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Grumpy Political Mood; Democrats Family Feud; Legal Students, Illegal Parents

Aired August 12, 2010 - 19:00   ET


JOHN KING, HOST: Thanks Wolf and good evening everyone.

A very big day in politics, our three biggest stories, one, a federal judge in San Francisco issued an order allowing same-sex marriages in California to resume again beginning next week.

Two, the Senate came into special session for just about 22 minutes to pass a new border security measure Democrats hope will help them in the 2010 midterm election. And three, Karl Rove says today bluntly quote, "that the narrative for this election is firmly in place."

So with 82 days left, is Karl Rove right? That's our first question for our big political panel tonight, a group as good as it gets. Veteran Democratic strategists Peter Hart, Anita Dunn, former top George W. Bush adviser Michael Gerson and joining us from New York, long time Republican strategist Ed Rollins.

Peter, I want to start with you with that basic question. Is Karl Rove right? And as I do, I want to share some new numbers fresh out tonight from our new CNN Public Opinion Research polling. Now, how are things going in the country; well, 31 percent; badly, 69 percent. If you match that up with 2006 and 1994, two interesting midterm election years, more Americans feel right now nearly seven in 10 that things are going badly in the country.

PETER HART, CHAIRMAN, HART RESEARCH: Well, we've seen the same thing in the NBC/"Wall Street Journal" poll. It is indeed a very negative electorate, it is an electorate that is looking for change and while I can't agree necessarily that it's all locked in place there are still things to go, the basic dynamic is there. For Democrats and for incumbents, it's going to be a long and a tough year.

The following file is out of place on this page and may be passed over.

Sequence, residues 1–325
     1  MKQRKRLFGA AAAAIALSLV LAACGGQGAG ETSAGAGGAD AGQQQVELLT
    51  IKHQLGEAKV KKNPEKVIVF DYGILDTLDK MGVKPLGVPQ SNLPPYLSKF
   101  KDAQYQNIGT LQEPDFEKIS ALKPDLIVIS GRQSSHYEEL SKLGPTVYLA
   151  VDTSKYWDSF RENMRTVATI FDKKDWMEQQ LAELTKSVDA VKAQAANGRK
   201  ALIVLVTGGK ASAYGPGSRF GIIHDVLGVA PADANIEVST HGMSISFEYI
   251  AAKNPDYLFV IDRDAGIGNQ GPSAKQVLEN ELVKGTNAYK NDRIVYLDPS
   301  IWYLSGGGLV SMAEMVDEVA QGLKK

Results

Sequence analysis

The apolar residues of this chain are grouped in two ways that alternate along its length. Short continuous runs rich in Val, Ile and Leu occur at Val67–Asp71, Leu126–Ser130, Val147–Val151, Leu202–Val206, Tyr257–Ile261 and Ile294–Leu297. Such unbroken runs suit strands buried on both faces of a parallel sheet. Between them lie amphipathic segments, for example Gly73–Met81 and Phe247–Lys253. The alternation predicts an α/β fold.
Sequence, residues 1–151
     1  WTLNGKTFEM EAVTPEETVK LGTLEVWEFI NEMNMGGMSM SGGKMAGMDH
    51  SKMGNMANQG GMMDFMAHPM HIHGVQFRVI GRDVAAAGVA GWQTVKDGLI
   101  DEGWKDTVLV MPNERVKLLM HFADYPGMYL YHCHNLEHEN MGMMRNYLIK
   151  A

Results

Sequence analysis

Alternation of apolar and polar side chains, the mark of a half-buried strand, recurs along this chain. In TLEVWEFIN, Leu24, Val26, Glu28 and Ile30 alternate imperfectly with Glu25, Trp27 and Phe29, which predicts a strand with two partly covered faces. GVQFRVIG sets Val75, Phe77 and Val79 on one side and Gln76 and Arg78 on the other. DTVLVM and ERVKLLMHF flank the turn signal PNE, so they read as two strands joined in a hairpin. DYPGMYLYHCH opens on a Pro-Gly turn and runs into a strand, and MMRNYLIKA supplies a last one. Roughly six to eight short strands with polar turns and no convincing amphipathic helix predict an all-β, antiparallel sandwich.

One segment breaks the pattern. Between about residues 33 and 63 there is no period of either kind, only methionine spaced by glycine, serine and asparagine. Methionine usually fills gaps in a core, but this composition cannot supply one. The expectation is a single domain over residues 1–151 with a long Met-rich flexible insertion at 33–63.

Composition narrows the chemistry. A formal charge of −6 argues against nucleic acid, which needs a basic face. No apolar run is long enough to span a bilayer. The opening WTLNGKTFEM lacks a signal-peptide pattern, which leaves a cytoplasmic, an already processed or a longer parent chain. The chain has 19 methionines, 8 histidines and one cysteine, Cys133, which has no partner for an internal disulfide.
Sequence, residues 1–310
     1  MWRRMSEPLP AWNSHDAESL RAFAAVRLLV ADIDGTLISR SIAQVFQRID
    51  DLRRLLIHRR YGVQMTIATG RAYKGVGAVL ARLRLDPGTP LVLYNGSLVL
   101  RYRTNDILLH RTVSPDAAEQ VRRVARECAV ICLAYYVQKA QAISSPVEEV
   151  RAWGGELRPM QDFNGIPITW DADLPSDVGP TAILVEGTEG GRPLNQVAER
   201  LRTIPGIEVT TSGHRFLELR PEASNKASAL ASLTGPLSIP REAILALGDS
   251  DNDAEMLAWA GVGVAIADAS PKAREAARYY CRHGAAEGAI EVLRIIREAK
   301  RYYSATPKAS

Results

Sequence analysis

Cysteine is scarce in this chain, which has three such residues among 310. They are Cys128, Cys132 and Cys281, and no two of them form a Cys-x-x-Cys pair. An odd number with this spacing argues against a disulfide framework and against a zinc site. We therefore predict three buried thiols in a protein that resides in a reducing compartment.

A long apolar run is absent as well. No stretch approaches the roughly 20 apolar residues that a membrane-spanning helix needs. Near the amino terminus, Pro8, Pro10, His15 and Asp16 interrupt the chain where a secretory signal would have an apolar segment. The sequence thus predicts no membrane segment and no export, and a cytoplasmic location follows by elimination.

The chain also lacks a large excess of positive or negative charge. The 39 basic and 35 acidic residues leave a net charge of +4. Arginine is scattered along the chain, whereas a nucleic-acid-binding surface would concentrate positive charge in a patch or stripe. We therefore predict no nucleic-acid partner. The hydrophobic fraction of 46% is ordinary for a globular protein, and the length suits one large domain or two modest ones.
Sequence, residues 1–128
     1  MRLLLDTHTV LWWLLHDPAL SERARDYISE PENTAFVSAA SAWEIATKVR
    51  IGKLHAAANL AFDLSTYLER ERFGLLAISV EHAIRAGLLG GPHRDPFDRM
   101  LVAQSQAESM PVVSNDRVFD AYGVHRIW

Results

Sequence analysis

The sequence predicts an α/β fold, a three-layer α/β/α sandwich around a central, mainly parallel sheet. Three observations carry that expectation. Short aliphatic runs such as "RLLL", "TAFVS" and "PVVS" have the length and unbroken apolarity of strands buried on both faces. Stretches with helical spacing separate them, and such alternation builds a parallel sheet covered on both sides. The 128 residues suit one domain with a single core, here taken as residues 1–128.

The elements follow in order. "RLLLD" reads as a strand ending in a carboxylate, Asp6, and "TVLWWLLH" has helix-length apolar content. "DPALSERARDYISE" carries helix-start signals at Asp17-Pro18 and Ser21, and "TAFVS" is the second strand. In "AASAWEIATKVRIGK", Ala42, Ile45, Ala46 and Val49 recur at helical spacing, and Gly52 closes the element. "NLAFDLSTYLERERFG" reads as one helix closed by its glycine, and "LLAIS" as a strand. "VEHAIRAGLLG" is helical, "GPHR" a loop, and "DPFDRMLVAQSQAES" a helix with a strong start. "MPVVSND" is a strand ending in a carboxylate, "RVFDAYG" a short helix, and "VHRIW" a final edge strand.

KING: Michael Gerson locked in or what would you worry about if you were advising a Republican candidate right now about not being overconfident?

MICHAEL GERSON, INSTITUTE FOR GLOBAL ENGAGEMENT: Well, I think it's been hard for Democrats to change the narrative for months now and the thing that would have helped most is some good economic news which they really didn't get. But I, you know I think Republicans are showing that it's good for them to have an angry electorate. It's not particularly good for them to have angry scary candidates. You know even if you're riding a wave, you can sink if you're a bad candidate in this circumstance. And I think that's the Democrats' hope here is to try to make it race by race, candidate by candidate and win that way.

KING: Anita Dunn, you worked in the Obama White House for a long time and this gets frustrating especially close to an election because there are some things, I'm not saying the president hasn't made mistakes, but there are some things that just are beyond your control when you're in this economic environment. In our new polling tonight, 51 percent of Americans disapprove of the job Barack Obama is doing as president; 47 percent approve. That's roughly split, but that's the highest, that matches the highest disapproval number we've ever had in our polling.

ANITA DUNN, DEMOCRATIC STRATEGIST: Well of course I think people in the White House get frustrated. I think the president has made it clear that he's frustrated that more people aren't back to work, that the economy isn't moving faster, more quickly into recovery. But I also think John that the reality as everybody knows is that it took a long time for the economy to get this bad, that by fits and starts it's just starting to move again. It is going to take some time.

And the president is going to frame a message and a choice very clearly on the stump this fall and he's already started doing it. I think that we've seen him start doing it about the beginning of progress versus turning back to the policies that got us here to begin with. And I think that --

KING: I was waiting for that part.

DUNN: Well you're going hear it a lot I think this fall, so and probably much more eloquently than I can do it.

KING: Well Ed Rollins come in on that point because you were with Ronald Reagan and his first midterm election year and you hear what the Democrats and what President Obama personally has begun to do in recent days saying look I know you're not happy and I know you don't love everybody I did, but George W. Bush made it worse and the Republicans don't have anything different than what they did then. Can they sell that?